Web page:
Mouse protocols used in these experiments were approved by the Institute for Animal Care and Use Committee at the University of Arkansas for Medical Sciences and effort was made to limit the number of animals required in each experiment and any pain produced by the surgery. B6C3-Tg(APPswe,PSEN1dE9)85Dbo mice (APPswe/PS1dE9) were purchased from Jackson Laboratory (Bar Harbor, MN) and a live colony was maintained in our local vivarium by mating hemizygotes with nontransgenic animals. Litters from these matings were used for both non-transgenic controls and APPswe/PS1dE9 mice. Mice were aged to 14 months and then underwent surgery for brain injection of chondroitinase ABC (ChABC; Sigma Aldrich, St. Louis, MO). Mice were anesthetized with inhaled isoflurane and mounted on a Kopf stereotaxic apparatus (Tujunga, CA) with a specialized nose cone to accommodate brain surgery. The body was placed on a heating pad, the head sterilized and shaved, an incision made at the sagittal midline, and a hole was made in the skull using a high speed drill. A 1 μl injection of either ChABC (5 mU/μl), diluted in saline containing 0.1 % BSA, or saline with 0.1 % BSA was made using a 10 μl Hamilton syringe with a 32 gauge blunt end needle to the following site at the right dorsal hippocampus (distance in mm from bregma: posterior 1.8 mm, lateral 1.2 mm, ventral 1.2 mm). The injection was made over a two minute span and after the completion of the injection the needle was held in place for an additional two minutes. The needle was then removed, the hole closed with bone wax, the incision sutured, and the animal returned to a cage containing a heating pad for 30 min and then back to the regular cage. Eighteen days after surgery, mice were euthanized with pentobarbital and cardiac-aorta perfused with ice cold saline followed by 4 % paraformaldehyde. The brain was dissected and fixed overnight at 4 C in 4 % paraformaldehyde (Sigma-Aldrich). Prior to cryostat sectioning, the brains were incubated in 15 % and 30 % sucrose prepared in PBS. For detection of the length of time that ChABC reduces Wisteria floribunda agglutinin (WFA) staining (Fig. 3), four month old C57Bl/6 mice were injected with the same dose of ChABC and euthanized 1, 2 and 3 weeks following surgery, their brain collected and processed for histochemistry as described above. Sections were stained with WFA (Vector Laboratories, Burlingame, CA).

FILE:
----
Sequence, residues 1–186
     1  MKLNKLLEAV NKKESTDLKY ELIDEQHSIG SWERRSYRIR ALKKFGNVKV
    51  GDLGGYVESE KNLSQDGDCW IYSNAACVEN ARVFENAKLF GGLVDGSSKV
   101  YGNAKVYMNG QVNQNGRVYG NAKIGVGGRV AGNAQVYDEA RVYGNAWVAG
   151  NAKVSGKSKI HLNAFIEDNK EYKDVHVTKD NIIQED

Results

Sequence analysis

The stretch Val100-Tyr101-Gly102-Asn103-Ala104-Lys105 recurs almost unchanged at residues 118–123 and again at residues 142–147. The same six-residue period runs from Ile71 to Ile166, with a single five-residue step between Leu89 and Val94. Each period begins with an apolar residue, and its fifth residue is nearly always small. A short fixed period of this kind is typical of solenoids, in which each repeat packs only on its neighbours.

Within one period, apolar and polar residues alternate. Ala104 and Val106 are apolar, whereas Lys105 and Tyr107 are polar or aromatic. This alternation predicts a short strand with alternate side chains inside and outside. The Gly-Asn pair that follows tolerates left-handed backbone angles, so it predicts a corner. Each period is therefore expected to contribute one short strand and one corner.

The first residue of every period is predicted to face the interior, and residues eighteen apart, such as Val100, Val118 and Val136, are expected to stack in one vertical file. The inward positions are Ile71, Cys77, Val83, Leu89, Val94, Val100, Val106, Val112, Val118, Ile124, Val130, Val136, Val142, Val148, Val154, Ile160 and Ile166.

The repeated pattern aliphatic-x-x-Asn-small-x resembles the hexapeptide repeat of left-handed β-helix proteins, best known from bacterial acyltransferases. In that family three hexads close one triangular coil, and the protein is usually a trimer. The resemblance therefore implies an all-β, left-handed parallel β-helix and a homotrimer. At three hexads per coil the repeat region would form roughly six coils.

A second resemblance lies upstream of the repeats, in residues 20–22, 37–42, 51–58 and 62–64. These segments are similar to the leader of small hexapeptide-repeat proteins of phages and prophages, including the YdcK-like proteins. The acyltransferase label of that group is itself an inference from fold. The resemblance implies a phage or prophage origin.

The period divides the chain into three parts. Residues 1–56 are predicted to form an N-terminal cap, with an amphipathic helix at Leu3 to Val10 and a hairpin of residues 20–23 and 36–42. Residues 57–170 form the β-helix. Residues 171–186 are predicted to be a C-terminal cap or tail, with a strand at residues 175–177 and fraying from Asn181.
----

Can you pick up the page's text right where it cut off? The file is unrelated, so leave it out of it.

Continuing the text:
Measurement of Aβ burden and synaptic density in stratum lacunosum moleculare (slm)
Free floating, 30 μm cryostat sections underwent immunofluorescence staining using standard protocols as described  with rabbit anti-Aβ 95-2-5; [24, 27–29], mouse anti-synaptophysin (MAB368; EMD Millipore) and mouse anti-PSD-95 (clone K28/74 Ab2315909; Neuromab, Davis, CA). Fluorescent secondary antibodies used were: goat anti-rabbit IgG conjugated to Alexa Fluor 594 (anti-Aβ) and goat anti-mouse IgG conjugated to Alexa Fluor 488 (anti-synaptophysin and anti-PSD-95). For each mouse, three sections were analyzed beginning with a random section where the lateral ventricles end at the ventral hippocampus, and the next two sections were each separated by 120 μm. Aβ burden was conducted on Aβ and PSD-95 stained sections and images were captured of the contralateral and ipsilateral (injected hemisphere) hippocampus at 100x magnification. Images were opened in Fiji Image J and the slm was outlined on the PSD-95 image. This outline was then transferred to the Aβ-stained image. Brightness, contrast and threshold was adjusted identically for all sections and the “area fraction” occupied by Aβ staining in the binary image was calculated. This was performed on both the contralateral and ipsilateral slm of ChABC injected sections (7 mouse brains, 3 sections each), as well as vehicle injected sections (3 mouse brains, 3 sections each).